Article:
God, of course, isn't actually up in the sky--"up" is more about our relationship with the Divine. What is that relationship like? How do we see the divine in the people and the world around us? How does God both comfort and challenge us?
You might be wondering what this “NOSH”-thing is all about. We’ll, I’ll tell you. When Jesus and his disciples celebrated the Last Supper, most of them weren’t aware that it was the last supper—it was just a supper. It was very likely to have been another in a long line of communal meals, time for the inner circle to unwind, debrief, pray, and enjoy one another. When Jesus said, “Take and eat, do this in remembrance of me,” it’s very possible that he meant, “Whenever you eat together, remember me.” That is, whenever you share a meal—Sunday or not, in church or not—remember Jesus and what he said and did. Thus, our weekly worship at the Edge is embedded within our weekly dinner. We will read and discuss scripture, pray, sing, and share the Body and Blood of Christ, all while enjoying one another’s company and home-made food.
All are welcome.
Sundays 5:45pm-7:30pm (over the summer, only on 1st and 3rd Sundays)
We would love to have you come and join us for discussion and food. Click here for information on coming to talk or cook for Nosh.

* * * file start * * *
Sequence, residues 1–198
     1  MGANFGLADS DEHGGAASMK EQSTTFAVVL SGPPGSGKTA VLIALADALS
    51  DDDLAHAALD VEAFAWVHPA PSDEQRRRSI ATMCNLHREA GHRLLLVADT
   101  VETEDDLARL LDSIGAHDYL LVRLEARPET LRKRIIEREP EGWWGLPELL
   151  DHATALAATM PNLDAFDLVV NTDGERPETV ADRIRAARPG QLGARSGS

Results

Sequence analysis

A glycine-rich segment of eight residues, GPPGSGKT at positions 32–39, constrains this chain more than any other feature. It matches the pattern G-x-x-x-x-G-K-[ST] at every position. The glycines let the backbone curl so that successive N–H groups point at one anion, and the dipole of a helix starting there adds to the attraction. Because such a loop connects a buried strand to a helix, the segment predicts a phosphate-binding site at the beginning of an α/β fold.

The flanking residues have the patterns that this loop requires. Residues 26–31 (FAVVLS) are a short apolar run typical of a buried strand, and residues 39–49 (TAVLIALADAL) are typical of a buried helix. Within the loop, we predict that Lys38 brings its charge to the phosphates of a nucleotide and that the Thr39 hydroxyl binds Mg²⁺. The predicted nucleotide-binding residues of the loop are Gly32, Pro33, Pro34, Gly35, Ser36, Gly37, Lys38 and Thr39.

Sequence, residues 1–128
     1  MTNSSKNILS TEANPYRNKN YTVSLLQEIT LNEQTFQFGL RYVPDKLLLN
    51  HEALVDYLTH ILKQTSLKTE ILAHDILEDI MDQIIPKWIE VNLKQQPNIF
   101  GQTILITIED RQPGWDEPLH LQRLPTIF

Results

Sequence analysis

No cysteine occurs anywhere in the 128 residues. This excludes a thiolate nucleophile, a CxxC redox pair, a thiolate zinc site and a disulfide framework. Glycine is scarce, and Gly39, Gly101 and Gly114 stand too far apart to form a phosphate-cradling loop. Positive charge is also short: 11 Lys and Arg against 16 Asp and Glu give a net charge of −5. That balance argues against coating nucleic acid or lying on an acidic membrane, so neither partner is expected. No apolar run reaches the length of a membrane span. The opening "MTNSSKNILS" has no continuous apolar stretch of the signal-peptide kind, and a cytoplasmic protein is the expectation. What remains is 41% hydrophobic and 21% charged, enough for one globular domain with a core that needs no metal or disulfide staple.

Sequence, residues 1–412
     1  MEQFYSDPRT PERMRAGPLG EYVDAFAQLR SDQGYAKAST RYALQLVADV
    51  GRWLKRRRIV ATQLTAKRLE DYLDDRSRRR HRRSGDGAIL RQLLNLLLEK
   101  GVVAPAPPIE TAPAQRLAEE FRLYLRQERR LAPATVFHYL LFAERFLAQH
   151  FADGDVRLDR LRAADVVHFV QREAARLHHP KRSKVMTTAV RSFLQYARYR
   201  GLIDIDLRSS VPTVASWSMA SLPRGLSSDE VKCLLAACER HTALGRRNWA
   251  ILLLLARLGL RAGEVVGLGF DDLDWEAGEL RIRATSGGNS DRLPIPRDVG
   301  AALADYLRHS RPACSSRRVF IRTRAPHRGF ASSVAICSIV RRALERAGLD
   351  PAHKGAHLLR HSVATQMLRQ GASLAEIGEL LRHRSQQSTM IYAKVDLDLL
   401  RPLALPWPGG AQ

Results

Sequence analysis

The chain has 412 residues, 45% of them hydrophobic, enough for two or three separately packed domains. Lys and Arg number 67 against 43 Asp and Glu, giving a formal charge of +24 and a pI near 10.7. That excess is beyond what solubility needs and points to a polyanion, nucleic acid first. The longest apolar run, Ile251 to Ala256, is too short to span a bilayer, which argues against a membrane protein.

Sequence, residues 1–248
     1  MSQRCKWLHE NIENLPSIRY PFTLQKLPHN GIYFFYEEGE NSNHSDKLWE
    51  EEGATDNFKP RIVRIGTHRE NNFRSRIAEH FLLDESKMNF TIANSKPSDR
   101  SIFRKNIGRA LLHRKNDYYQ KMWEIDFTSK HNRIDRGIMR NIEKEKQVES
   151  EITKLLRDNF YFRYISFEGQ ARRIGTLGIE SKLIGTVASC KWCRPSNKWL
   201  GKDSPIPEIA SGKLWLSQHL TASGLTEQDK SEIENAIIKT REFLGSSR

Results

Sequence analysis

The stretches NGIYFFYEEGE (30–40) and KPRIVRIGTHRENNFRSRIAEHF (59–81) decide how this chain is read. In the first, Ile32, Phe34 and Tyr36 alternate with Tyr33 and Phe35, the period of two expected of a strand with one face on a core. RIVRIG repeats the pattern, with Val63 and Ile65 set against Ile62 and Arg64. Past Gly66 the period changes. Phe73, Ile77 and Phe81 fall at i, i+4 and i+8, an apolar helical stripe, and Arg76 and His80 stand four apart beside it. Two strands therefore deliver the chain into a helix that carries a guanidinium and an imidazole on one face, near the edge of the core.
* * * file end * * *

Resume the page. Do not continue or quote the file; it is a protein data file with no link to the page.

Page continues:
A time to step back from the stress of your daily life and see the world around you more clearly. We usually go to Hocking Hills with other campus ministries from the Episcopal Diocese in October and somewhere else either over Spring Break or just after Spring semester. Agendas for these retreats typically include cooking and eating together, as many nature hikes as we can manage, evening prayer, and relaxing time in a hot tub and around a camp-fire.
A pilgrimage is a journey to a place of special spiritual significance. People of faith have taken them for centuries, sometimes to obvious places like Israel, sometimes to less obvious places. We have journeyed to the Rocky Mountains, to St. John the Divine cathedral and Ground Zero in New York City, and to Dachau Concentration Camp in Germany and the Taize Community in France. Each of these pilgrimages transformed the participants, always for the good, but often in painful ways.
The week before Easter is a remembrance of the last week of Jesus’ life. It’s called Holy Week and is a time of contemplation and connection. We transform our weekly NOSH into a Last Supper Liturgy and celebrate the Maundy Thursday and Good Friday evening services. The climax of the week is an all-night vigil from Holy Saturday into Easter Sunday including a bonfire and early-morning breakfast. “Fun” probably isn’t the right word for it--it’s joyful.